A survey of the disappearance of key components of the peasant cuisine of the Beaujolais.
My Parisian girlfriend recoiled at the €26 price of the champagne I suggested for her mother’s birthday party. We stood in a cluttered wine shop in the half-deserted town of Pithiviers, south of the capital. “I need to buy a whole case,” she griped. “Isn’t there any good champagne for under €20?”
A restaurant I used to frequent on rue de Trevise was staffed by a smiley black-and-white Labrador. He made the rounds amid the tables during service – never begging, merely enjoying the occasional caress from a regular.
After two years of releasing tiny quantities of his own cult cru Beaujolais, young Côte de Brouilly winemaker PIERRE COTTON is taking the reins of his 10-hectare family domaine.
From high on rue Ménilmontant, you can see straight out to the glittering tower of Montparnasse, far over on Paris’ wealthy Left Bank. The workaday, multi-ethnic neighborhood of Ménilmontant is a different world.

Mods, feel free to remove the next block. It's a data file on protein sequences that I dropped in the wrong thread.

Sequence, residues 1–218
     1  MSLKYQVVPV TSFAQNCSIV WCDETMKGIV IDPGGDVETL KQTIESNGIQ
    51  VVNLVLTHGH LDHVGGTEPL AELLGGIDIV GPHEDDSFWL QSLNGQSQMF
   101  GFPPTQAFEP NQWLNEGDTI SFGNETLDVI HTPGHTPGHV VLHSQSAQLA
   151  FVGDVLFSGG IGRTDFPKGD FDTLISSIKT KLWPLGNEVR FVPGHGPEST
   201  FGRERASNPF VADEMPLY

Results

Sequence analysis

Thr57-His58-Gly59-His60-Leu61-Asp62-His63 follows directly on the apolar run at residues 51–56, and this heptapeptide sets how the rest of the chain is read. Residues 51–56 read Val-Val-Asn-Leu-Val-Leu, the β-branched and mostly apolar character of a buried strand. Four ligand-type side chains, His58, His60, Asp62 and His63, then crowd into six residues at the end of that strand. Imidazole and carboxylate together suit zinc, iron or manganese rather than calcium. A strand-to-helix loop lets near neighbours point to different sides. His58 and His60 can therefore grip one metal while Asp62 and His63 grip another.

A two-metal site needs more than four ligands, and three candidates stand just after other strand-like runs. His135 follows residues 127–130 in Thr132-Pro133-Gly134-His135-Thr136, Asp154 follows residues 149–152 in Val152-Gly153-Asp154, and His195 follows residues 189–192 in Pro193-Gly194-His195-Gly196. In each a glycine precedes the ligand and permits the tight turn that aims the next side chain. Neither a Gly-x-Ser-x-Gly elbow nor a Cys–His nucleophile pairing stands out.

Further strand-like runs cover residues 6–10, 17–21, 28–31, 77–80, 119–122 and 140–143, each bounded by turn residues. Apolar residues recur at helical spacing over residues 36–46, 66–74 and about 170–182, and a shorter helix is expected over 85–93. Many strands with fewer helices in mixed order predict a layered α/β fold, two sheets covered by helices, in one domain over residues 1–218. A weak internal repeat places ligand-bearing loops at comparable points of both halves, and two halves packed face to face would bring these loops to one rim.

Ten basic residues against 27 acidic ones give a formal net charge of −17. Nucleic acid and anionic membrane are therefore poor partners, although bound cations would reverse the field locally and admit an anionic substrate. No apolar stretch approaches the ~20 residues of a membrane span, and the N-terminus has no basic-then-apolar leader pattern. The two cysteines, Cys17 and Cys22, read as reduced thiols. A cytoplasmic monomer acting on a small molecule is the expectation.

The head of the workshop at Maison Michel is Shariff Hisaund, who has been with the milliner for 29 years.
Bigger is rarely better in the French capital: these new establishments are ambitious in everything but scale.
Most of it is awful because it doesn’t have to be good.
The Beaujolais cru of Saint-Amour sees one-third of its annual production sold cheaply on Valentine’s Day. But a few newcomers are starting to make vintages built to last.
There’s a worldwide revolution going on in wine, and Paris is its frontline.